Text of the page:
Belgian researchers watched videos of women walking and were able to tell whether they regularly had orgasms from intercourse.
At the Universiti Catholique de Louvain, Institut d’itudes de la famille et de la sexualiti, Louvain-la-Neuve, Belgium, experts set about proving the theory right.
The researchers took women with known histories of either vaginal orgasm or inability to orgasm from sex and videotaped them walking on the street, and their orgasmic status was judged by sexologists blind to their history.
“In the sample of healthy young Belgian women, half of whom were vaginally orgasmic, history of vaginal orgasm that was triggered solely by penile-vaginal intercourse, was diagnosable at far better than chance.”
Belgian researchers watched videos of women walking and were able to tell whether they regularly had orgasms from intercourse
The researchers think that, as well as having an effect on people’s mental health, orgasms can “loosen” muscle groups.
They wrote: “Research has demonstrated the association between vaginal orgasm and better mental health. Some theories of psychotherapy assert a link between muscle blocks and disturbances of both character and sexual function. In Functional-Sexological therapy, one focus of treatment is amelioration of voluntary movement.
“The present study examines the association of general everyday body movement with history of vaginal orgasm.”
The team said the objective was to determine if appropriately trained sexologists could infer women’s history of vaginal orgasm from observing only their gait.
“Clitoral orgasm history was unrelated to both ratings and to vaginal orgasm history. Exploratory analyses suggest that greater pelvic and vertebral rotation and stride length might be characteristic of the gait of women who have experienced vaginal orgasm.
“The discerning observer may infer women’s experience of vaginal orgasm from a gait that comprises fluidity, energy, sensuality, freedom, and absence of both flaccid and locked muscles.
“Results are discussed with regard to previous research on gait, the effect of the musculature on sexual function, the special nature of vaginal orgasm, and implications for sexual therapy.”
Belgian researchers have found a way to beat sleeping sickness using a bacterium against the tsetse fly host that spreads the disease to humans.
In the same way that we have friendly bacteria in our intestines, the tsetse fly harbors bacteria in its midgut, muscle and salivary glands.
Scientists have genetically modified these “good bugs” so they attack the culprit parasite carried by the fly.
But work is needed to hone the process.
The latest findings are published in the open access journal Microbial Cell Factories.
Belgian researchers have found a way to beat sleeping sickness using a bacterium against the tsetse fly host that spreads the disease to humans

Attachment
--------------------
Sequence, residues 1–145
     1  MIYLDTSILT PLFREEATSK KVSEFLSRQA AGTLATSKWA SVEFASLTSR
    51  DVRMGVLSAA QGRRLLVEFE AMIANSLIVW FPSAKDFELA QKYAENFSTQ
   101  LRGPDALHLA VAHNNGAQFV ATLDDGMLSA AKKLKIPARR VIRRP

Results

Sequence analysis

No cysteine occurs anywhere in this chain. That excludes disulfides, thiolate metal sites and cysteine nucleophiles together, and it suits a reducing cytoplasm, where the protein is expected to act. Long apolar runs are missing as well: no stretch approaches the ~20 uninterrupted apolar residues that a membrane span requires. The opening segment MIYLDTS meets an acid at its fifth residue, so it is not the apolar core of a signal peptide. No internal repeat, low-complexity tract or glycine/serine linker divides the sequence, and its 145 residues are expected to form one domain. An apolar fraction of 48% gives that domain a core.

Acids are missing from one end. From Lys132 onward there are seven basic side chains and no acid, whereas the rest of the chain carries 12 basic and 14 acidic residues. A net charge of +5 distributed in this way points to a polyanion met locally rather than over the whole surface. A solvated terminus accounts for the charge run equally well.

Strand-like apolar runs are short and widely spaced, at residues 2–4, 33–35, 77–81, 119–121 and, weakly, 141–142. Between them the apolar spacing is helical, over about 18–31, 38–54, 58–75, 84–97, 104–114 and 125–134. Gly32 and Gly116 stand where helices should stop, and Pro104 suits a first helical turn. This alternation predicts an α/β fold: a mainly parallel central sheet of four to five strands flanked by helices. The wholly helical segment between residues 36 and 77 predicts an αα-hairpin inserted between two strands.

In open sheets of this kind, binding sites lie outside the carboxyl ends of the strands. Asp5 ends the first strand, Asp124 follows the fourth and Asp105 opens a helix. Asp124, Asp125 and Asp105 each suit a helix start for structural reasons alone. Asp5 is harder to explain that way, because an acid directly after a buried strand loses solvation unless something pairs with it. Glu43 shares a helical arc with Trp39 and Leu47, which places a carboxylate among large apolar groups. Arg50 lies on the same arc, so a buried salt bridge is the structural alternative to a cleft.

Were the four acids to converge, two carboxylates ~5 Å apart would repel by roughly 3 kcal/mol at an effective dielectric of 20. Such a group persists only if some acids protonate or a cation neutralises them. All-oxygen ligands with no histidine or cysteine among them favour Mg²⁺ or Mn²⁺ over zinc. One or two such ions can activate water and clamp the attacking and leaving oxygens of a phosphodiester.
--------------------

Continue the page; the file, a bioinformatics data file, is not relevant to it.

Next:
Sleeping sickness, or human African trypanosomiasis, is a potentially fatal disease that plagues many regions of Africa.
Although the number of people being infected with the disease has been going down thanks to better diagnosis and treatment, there were still more than 7,000 new cases recorded in 2010.
The parasite causing sleeping sickness is transmitted to humans through the bite of the infected tsetse fly.
This causes fever, headaches, aching joints and itching. Then, follows the second stage of disease, as the parasites cross the blood-brain barrier to infect the central nervous system.
The person then becomes confused, poorly coordinated and experiences the sleep disturbances which give the disease its name.
Without treatment, sleeping sickness is fatal.
But current therapies often have unpleasant side-effects.
The drug most commonly used to treat the condition is a derivative of arsenic developed more than 50 years ago. And the treatment can be excruciatingly painful and potentially fatal. Often described by patients as “fire in the veins,” between 5% and 20% of those treated die of complications from the injected drug.
And so scientists are seeking alternatives.
The Belgium team at the Institute of Tropical Medicine in Antwerp have focused on finding a way to destroy the sleeping sickness parasite – trypanosome – that the tsetse fly carries.
They found bacteria called Sodalis glossinidius, which naturally live in the fly and can be used to mount an attack from the inside.
Altering the genes of the bacteria led it to release fragments of antibodies known as nanobodies against the parasite.
With more work, the researchers hope to be able to produce targeted nanobodies which could kill or block the development of trypanosome.